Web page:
Bruce Broussard has served as president of Louisville, Ky.-based Humana since 2011 and as CEO since January 2014. Humana recorded $48.5 billion in revenue last year, making it the fourth-largest publicly traded health insurance company by revenue. The company is one of the nation's largest Medicare Advantage insurers, with more than 3 million Advantage members representing about three-quarters of the company's revenue. Broussard previously served as CEO of McKesson Specialty Health, and chairman and CEO of US Oncology Holdings. Modern Healthcare reporter Bob Herman spoke with Broussard at the recent Healthcare Information and Management Systems Society conference about his company's use of mobile health information technology to help providers manage patients' care, the movement toward greater consumer choice in healthcare, and recent CMS payment and policy changes for the Medicare Advantage program. This is an edited transcript.
Modern Healthcare: What is Humana doing to engage patients through mobile technology?
Bruce Broussard: We look at three parts of healthcare that need to change: One is around value-based reimbursement, the second is around consumer choice, and the third is around integration of information. Mobile devices play a key part in all three—whether it's engaging with the patient around a health outcome, being able to service them and give them the transparency of choice, or the ability for physicians to make a decision about care on the fly with a mobile device. We see all three of those as part of the mobile evolution we're undertaking.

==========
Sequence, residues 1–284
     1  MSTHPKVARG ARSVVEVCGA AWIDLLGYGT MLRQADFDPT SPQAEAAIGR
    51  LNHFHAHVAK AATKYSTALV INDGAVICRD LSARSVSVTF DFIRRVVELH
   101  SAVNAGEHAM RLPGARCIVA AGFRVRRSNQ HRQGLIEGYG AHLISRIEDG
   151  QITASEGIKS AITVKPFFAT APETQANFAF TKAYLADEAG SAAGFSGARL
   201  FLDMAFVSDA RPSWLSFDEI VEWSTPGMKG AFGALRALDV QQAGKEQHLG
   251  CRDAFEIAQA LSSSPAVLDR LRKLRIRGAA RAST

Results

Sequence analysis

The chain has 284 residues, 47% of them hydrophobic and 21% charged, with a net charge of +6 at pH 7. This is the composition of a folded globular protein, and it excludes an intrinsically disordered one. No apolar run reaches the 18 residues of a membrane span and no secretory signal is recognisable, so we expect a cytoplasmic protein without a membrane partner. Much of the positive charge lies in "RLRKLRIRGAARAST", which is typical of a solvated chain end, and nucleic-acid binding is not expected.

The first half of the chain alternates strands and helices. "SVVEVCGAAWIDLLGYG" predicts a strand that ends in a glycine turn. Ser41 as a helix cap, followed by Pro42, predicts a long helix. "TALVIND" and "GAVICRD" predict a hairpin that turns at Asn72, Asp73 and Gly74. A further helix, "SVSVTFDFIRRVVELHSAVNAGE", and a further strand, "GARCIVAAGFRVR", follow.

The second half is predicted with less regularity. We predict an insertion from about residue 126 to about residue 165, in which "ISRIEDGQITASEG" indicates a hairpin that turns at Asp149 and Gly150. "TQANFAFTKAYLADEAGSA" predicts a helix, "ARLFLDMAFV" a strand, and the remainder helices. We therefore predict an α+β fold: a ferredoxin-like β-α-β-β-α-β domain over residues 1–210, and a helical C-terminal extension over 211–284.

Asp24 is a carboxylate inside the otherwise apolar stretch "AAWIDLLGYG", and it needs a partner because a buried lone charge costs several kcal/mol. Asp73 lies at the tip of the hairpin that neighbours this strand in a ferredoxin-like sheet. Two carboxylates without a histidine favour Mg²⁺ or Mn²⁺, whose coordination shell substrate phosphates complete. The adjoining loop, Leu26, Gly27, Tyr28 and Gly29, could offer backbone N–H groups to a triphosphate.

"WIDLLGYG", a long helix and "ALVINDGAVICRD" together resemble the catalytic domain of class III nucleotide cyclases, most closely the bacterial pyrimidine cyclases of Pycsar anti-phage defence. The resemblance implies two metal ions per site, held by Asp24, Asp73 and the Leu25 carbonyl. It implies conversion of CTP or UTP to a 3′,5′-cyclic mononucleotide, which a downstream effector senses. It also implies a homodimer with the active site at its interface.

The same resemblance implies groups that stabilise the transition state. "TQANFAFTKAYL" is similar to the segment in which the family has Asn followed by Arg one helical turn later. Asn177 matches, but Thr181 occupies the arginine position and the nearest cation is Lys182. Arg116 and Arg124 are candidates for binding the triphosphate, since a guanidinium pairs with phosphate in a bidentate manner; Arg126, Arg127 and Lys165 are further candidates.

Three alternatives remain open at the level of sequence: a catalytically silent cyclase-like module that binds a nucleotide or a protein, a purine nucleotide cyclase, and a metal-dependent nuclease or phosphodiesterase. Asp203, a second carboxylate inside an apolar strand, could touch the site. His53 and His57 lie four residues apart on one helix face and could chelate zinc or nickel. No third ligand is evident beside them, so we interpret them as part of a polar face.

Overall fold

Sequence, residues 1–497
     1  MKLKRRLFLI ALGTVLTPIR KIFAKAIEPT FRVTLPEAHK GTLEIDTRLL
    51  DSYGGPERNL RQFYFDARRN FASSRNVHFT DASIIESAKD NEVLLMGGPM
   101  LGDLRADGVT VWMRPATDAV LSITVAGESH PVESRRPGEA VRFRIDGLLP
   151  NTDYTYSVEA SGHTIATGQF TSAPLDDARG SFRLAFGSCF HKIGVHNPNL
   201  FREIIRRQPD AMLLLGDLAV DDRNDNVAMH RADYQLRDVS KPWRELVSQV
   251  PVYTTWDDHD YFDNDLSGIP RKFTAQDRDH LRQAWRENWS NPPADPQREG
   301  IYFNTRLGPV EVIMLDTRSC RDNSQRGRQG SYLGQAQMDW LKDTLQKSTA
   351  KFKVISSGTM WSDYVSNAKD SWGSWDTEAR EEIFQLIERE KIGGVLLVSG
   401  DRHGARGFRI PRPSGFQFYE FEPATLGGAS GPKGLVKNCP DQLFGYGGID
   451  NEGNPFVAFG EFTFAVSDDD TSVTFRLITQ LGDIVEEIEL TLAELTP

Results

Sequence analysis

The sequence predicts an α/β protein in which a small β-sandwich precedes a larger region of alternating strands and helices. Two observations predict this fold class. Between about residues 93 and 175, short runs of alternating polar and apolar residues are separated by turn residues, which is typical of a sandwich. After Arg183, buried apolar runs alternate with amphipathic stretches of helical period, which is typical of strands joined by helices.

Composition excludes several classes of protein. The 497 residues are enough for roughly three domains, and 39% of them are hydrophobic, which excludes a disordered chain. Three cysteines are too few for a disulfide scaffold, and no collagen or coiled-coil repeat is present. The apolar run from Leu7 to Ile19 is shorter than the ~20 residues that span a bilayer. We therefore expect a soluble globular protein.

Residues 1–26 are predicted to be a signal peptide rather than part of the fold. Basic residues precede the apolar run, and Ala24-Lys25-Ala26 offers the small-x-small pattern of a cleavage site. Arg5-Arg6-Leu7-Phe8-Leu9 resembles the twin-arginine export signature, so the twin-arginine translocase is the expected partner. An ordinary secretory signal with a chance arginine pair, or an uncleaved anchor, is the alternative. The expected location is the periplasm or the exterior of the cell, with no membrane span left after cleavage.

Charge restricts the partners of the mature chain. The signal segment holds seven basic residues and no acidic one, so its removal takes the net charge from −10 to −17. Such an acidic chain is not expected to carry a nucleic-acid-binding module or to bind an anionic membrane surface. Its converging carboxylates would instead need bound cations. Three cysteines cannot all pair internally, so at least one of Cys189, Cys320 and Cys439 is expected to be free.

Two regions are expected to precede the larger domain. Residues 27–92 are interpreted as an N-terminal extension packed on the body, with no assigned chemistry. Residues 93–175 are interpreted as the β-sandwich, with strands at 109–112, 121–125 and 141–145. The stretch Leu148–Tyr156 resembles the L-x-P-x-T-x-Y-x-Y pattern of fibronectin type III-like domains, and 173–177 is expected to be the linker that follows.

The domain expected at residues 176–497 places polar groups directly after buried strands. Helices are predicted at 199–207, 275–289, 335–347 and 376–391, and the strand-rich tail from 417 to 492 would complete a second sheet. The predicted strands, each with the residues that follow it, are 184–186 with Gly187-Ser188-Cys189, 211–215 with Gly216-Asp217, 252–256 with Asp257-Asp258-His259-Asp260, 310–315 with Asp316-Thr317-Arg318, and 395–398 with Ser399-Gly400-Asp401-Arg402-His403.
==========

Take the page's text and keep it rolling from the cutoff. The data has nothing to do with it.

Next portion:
MH: What is Humana doing to further those goals?
Broussard: Transcend Insight is a great example of an application that can help physicians manage their patients with a mobile device, iPad or mobile phone. They can see gaps in care and data analytics, allowing them to recommend the next best action for their patients. Transcend and Transcend Insights are geared toward physicians. It really gets down to helping the physicians with their workflow and care coordination, and ultimately helping them with population health.
MH: The CMS recently said it wants to move more payments toward value-based care. What is Humana doing on that?
Broussard: Today, about 55% of our members are on value-based payments. We want to see that continue to grow. We are excited about what HHS is doing in bringing population health and value-based reimbursement to the industry. We want to be a partner with providers. Transcend provides the assistance in allowing providers to transition from a fee-for-service to a value-based reimbursement.
MH: How much of that 55% represents capitation?
Broussard: We believe physicians and hospital systems need to walk before they run. So they start out with a reimbursement relationship with us that's around quality and cost bonus payments. Over time, that transitions to a full-risk capitation level. We have about 30% of our members today in a full-risk relationship with a provider, and we see that growing as people become more comfortable moving from a quality-bonus relationship to a deeper relationship around risk.
MH: How does Humana as an insurer coordinate care between the patient and doctor?
Broussard: We have a very strong Humana at Home platform, and we employ about 10,000 nurses. We assist people when they transition outside of the hospital to the home.